From those stats you can guess it’s a rum of furious and tasty brutality, and that’s not far off. The nose lunges from the bottle in an initial attack of pungent nutty and fruity notes, very intense. It is, one should note in passing, extremely nice too; it follows up with an uppercut of caramel, salt, acetones and the boiling scent of an “under final touch ups” stage of a new house in the hot summer — acetones, plastic turpentine and floor wax (clearly more pot still in action here). Then it seems to want to calm down and more restrained aromas come through – strawberries, unsweetened chocolate, tinned fruit syrup, dark honey, leather and port infused damp tobacco.  That’s quite a lot for any rum to be providing, no matter who makes it.

Clearly slowing down is not in this bottle’s bag of tricks: it continues to go strongly, like a bat out of hell, on this and every subsequent tasting (the glass is with me for the best part of a full day): it’s sweet, dry, aromatic, tasty. Green peas, syrup again, pears, stewed apples, tinned peaches, which is all pretty much what one could expect. But it does have some kinks as well, tastes that are somewhat odd — pleasant enough but almost unfamiliar, the way these components come together. Plastic, kerosene (just a touch), balsamic vinegar, mangoes in a very hot pepper sauce, that kind of thing. The edge and savagery is always just behind the sweet and more aromatic side of the profile, waiting to pounce if you treat it with anything less than respect. It all leads to a medium short finish (which, admittedly, is surprising for something that has to this point been going full steam), with not a whole lot more. Fleshy stoned fruits, some caramel and vanilla, strawberries, and the glue and wax make a short bow before scampering back offstage.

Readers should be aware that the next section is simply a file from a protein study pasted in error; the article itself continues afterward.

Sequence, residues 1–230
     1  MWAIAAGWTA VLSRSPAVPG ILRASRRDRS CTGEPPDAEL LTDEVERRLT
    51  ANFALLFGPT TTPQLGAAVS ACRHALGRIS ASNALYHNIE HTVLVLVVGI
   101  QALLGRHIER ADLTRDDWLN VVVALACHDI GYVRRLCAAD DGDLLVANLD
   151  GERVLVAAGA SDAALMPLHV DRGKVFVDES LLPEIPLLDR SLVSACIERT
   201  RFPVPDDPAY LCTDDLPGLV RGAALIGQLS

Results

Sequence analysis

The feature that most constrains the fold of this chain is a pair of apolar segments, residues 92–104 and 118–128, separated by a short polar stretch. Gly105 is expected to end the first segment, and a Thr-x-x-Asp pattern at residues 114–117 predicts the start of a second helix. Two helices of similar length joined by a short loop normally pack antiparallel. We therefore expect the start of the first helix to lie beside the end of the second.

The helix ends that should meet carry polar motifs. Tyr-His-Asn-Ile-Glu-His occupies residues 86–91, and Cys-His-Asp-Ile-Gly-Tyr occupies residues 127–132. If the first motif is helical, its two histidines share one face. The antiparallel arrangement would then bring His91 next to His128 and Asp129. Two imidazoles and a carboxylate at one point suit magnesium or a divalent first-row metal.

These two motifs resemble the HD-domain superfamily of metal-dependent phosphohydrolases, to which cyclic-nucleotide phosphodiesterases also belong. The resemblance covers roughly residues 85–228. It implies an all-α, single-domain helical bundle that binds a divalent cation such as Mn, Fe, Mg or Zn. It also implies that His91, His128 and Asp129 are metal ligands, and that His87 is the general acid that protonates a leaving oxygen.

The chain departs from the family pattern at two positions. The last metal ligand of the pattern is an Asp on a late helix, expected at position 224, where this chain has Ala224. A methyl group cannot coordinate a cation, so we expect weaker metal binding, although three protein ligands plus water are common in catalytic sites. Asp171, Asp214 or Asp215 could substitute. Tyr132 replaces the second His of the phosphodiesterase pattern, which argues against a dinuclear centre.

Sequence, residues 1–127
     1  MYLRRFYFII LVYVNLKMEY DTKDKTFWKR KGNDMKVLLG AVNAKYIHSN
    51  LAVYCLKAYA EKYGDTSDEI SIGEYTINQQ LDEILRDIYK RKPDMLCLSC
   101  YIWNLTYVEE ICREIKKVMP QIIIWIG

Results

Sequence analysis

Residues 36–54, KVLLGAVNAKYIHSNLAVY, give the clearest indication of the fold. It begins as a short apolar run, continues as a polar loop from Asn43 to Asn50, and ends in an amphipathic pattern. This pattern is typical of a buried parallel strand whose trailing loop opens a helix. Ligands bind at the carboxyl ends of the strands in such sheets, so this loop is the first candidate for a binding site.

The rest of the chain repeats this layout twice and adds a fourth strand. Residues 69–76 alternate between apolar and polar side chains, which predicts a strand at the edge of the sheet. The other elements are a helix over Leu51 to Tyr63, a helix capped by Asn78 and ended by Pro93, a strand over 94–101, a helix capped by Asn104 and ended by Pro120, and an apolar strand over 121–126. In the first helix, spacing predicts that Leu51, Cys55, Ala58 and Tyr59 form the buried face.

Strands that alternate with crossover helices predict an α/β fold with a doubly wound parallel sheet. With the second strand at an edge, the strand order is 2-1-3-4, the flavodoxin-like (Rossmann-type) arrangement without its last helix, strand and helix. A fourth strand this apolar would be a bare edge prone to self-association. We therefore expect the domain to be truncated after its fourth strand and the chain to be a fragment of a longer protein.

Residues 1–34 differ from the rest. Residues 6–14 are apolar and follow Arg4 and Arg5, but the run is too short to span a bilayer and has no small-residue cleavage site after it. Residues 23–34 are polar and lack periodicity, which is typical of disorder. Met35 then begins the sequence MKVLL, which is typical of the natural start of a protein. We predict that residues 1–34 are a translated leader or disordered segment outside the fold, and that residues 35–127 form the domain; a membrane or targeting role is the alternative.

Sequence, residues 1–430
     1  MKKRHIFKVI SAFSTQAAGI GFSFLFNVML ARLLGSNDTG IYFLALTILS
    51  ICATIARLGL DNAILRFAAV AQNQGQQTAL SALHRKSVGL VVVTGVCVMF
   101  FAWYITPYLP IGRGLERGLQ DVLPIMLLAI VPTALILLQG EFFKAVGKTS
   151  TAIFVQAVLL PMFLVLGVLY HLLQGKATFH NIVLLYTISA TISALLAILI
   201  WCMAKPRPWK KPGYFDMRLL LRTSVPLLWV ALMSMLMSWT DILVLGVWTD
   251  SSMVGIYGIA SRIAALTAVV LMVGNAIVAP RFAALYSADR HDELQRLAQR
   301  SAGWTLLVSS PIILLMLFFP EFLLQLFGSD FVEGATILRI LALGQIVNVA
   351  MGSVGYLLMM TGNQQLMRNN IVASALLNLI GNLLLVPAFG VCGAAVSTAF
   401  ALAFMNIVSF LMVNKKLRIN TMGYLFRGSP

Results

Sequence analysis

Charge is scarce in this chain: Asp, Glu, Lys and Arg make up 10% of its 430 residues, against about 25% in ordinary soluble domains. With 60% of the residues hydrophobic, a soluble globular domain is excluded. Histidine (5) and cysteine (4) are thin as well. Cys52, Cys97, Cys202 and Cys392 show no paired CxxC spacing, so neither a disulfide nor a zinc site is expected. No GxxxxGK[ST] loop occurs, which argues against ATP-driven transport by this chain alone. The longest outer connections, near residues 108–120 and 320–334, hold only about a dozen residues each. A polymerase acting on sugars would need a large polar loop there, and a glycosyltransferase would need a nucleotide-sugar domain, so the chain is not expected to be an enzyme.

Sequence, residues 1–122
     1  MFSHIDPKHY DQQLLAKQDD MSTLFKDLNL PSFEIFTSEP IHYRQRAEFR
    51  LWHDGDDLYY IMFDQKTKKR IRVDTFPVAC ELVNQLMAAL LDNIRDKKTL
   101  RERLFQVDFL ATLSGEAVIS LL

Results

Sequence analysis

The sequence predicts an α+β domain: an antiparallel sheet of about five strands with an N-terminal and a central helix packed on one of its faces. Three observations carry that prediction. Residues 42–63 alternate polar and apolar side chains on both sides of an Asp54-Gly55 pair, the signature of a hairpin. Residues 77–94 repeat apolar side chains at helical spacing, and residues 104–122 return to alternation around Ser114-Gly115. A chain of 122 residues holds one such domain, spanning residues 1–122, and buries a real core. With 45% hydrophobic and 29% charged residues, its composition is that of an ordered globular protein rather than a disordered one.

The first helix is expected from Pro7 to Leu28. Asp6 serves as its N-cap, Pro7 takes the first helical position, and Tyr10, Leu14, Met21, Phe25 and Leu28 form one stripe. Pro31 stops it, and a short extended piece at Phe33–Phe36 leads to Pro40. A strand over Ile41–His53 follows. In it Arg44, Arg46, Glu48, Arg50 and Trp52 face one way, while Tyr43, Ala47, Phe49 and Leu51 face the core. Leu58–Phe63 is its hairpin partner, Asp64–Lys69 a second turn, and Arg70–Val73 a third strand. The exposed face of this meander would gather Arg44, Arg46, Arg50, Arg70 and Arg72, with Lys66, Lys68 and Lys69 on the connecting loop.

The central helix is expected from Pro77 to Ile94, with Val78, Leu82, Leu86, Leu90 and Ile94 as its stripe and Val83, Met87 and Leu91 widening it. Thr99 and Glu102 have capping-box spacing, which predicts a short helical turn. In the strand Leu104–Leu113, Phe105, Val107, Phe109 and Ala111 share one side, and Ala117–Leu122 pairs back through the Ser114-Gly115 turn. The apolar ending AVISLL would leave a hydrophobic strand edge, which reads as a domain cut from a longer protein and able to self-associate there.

And that’s it. It’s the sort of neat pour that will leave you gasping a bit but also pleased to have been able to finish it. Overall it’s solid, and easily buffs the credentials of both producer and bottler to a brighter gleam.  It has a seriously good nose with everything we like included, which is then sanded to a shine and bolted on to an anvil-heavy series of tasting notes that don’t seek to reinvent the wheel (or Foursquare), but simply present the best of which this particular barrel is capable. It’s like Tristan found a barrel he liked so much that it was only by the most supreme effort of will that he didn’t slap an ECS label on it – because that’s the only thing I can compare it to, and that’s what it really is. I call mine “Truculentus”.

(#1061)(86/100) ⭐⭐⭐⭐

Feb 272024

One thing I have always enjoyed about the Australian distilleries (aside from their cool origin stories) is the irreverent naming. While many are completely straightforward owners’ or geographical names, there are some that enjoy a cheeky wink too, like Brix, Tin Shed, Boatrocker, Red Hen, Jimmy Rum or Winding Road. And of course there are those that take it even further, with names as evocative as Devil’s Thumb, Hoochery, Hippocampus…or Mad Monkey, the subject of today’s review.

Below this quick review is a more in depth company backgrounder: for now, what do we have in the glass? The tech sheet is as follows: molasses sourced from New South Wales, deriving from sugarcane farmed in the Condong, Broadwater, and Harwood villages and their associated sugar mills, all founded in the late 1800s; fermentation time is nine days at a peak of 26°, utilising a wild yeast and ale yeast blend (some bacteria coming from dunder), then run through the 500L pot still, and set to age in an ex-Seppeltsfield port cask for 30 months, with the first year upstairs on the mezzanine floor (more sunshine), thereafter on the distillery floor. It’s then diluted down to 44% ABV and that gives enough to fill 163 70cl bottles (which suggests small cask, not a full sized one).